RIYADH (AFP) – Saudi Arabia and the United Arab Emirates (UAE) renewed a call yesterday for peace talks between Yemen’s government and southern separatists, urging a ceasefire following deadly clashes.
The Yemeni government has previously insisted it would only take part in talks after separatist forces withdraw from positions they seized in interim capital Aden earlier this month.
The Security Belt force, dominated by Southern Transitional Council (STC) loyalists, took control of Aden on August 10 following deadly clashes with government troops that left at least 40 people dead.
In a joint statement yesterday, the Saudi and Emirati foreign ministries urged both sides to cooperate with a coalition committee and to attend talks in the Saudi city of Jeddah.
The two countries “call for the speedy engagement in the Jeddah dialogue called by Saudi Arabia to address the causes and consequences of developments in some southern provinces,” they said.
The STC has partially withdrawn from some positions it occupied in Aden, but it retains control of key military sites.
Fighting flared again between loyalists and secessionists last Thursday night in the southern province of Shabwa, leaving 11 dead according to medics.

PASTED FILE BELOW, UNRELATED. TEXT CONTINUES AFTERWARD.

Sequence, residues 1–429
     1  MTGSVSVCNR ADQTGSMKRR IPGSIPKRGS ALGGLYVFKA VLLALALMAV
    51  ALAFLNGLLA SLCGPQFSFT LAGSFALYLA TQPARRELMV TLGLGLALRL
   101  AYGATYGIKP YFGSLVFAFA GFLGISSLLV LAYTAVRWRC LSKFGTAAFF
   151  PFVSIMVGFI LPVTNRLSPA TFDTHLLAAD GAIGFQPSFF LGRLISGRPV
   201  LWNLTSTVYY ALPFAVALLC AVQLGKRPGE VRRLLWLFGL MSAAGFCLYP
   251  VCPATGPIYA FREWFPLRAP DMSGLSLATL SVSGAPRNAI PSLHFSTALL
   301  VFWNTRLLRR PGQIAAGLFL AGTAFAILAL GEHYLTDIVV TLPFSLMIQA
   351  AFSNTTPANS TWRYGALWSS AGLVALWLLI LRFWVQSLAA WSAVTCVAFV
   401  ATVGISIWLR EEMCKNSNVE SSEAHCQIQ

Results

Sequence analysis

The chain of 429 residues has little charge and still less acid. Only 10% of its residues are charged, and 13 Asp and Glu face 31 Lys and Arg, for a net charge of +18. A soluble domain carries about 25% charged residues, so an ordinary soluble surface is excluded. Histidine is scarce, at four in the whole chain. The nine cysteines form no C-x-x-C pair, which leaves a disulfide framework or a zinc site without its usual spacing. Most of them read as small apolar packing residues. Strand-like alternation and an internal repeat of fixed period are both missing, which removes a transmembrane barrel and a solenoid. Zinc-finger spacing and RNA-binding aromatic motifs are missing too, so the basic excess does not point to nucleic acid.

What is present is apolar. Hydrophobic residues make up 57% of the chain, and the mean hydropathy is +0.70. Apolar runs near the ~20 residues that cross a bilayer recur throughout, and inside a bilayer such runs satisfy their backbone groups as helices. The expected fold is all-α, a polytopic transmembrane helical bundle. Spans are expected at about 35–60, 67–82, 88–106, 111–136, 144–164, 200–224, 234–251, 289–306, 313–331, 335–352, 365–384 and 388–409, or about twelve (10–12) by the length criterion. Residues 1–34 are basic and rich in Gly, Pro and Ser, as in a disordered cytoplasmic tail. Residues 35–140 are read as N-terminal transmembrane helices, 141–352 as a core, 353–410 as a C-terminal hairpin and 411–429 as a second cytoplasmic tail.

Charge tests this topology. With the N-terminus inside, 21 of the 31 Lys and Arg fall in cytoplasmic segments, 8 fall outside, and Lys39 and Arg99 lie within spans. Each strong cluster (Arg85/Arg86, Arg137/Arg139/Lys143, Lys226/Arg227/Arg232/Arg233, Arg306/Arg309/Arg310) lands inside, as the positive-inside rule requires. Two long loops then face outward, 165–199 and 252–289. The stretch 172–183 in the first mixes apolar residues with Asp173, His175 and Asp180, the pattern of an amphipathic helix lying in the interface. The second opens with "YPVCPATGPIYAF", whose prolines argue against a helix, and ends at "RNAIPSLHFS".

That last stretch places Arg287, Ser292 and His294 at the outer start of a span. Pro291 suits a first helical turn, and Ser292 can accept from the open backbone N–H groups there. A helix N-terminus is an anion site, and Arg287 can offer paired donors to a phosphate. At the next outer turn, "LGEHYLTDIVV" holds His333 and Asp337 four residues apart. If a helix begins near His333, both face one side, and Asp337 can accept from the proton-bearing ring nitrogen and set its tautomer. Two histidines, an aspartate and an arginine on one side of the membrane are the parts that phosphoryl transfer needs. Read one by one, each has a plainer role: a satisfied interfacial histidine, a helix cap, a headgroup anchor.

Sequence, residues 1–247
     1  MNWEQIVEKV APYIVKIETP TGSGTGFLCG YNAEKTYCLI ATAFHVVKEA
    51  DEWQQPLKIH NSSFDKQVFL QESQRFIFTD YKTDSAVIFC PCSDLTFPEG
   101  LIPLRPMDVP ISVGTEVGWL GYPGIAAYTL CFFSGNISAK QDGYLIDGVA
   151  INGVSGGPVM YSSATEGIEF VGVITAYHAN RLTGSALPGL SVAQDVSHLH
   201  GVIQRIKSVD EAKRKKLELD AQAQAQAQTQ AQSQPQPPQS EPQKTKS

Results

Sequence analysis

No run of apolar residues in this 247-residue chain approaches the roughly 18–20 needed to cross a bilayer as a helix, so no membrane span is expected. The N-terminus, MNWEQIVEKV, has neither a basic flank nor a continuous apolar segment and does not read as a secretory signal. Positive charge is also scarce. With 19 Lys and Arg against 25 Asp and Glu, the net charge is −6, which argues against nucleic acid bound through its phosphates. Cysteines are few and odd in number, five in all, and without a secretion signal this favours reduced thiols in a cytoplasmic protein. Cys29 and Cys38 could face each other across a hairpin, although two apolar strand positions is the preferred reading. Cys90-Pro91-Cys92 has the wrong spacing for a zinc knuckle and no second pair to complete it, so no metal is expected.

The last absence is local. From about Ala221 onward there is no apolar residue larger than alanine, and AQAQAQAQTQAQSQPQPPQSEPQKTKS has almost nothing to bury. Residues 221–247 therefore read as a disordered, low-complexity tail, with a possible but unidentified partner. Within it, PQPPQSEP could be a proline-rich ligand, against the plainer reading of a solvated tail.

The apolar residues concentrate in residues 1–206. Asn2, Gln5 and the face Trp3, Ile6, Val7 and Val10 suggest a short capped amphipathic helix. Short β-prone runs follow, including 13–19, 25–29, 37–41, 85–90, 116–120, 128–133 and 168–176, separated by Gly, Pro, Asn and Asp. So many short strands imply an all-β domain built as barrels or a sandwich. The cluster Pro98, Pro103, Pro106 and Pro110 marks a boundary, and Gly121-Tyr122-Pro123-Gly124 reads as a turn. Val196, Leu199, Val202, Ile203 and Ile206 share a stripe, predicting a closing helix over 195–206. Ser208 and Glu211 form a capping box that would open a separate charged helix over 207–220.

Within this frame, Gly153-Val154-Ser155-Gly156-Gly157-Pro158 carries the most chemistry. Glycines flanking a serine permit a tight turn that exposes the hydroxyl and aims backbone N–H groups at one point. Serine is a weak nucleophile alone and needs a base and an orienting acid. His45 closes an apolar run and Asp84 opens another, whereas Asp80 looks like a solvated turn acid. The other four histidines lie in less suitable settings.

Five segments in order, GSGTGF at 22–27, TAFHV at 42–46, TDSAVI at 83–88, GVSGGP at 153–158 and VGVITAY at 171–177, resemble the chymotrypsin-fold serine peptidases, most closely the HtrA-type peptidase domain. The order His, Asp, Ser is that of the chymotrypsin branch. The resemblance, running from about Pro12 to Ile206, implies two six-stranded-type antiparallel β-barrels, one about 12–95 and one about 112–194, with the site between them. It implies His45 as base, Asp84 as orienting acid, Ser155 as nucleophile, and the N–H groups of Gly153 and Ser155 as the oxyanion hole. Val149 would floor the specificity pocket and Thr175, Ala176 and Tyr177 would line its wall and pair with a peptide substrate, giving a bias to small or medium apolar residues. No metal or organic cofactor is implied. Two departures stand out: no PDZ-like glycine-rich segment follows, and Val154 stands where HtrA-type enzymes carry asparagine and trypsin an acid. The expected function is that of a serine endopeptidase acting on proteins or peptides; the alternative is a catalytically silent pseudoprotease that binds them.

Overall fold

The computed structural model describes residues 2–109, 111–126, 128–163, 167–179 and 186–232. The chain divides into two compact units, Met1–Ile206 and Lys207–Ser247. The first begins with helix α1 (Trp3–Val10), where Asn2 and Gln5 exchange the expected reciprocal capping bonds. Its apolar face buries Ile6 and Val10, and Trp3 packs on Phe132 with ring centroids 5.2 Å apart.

Yemen’s Prime Minister Mueen Abdulmalek made a surprise visit to provincial capital Ataq after the fighting, the official SABA news agency reported yesterday.
Coalition spokesman Turki al-Maliki urged all parties yeterday to observe a ceasefire.
The STC is demanding renewed independence for South Yemen, which was a separate country before unification in 1990.
A coalition intervened in support of the Yemeni government in 2015 after the Huthis seized the capital Sanaa and most of the world’s poorest nation. Since then, the conflict has killed tens of thousands of people, aid agencies said.
The fightings has sparked what the United Nations (UN) labels the world’s worst humanitarian crisis.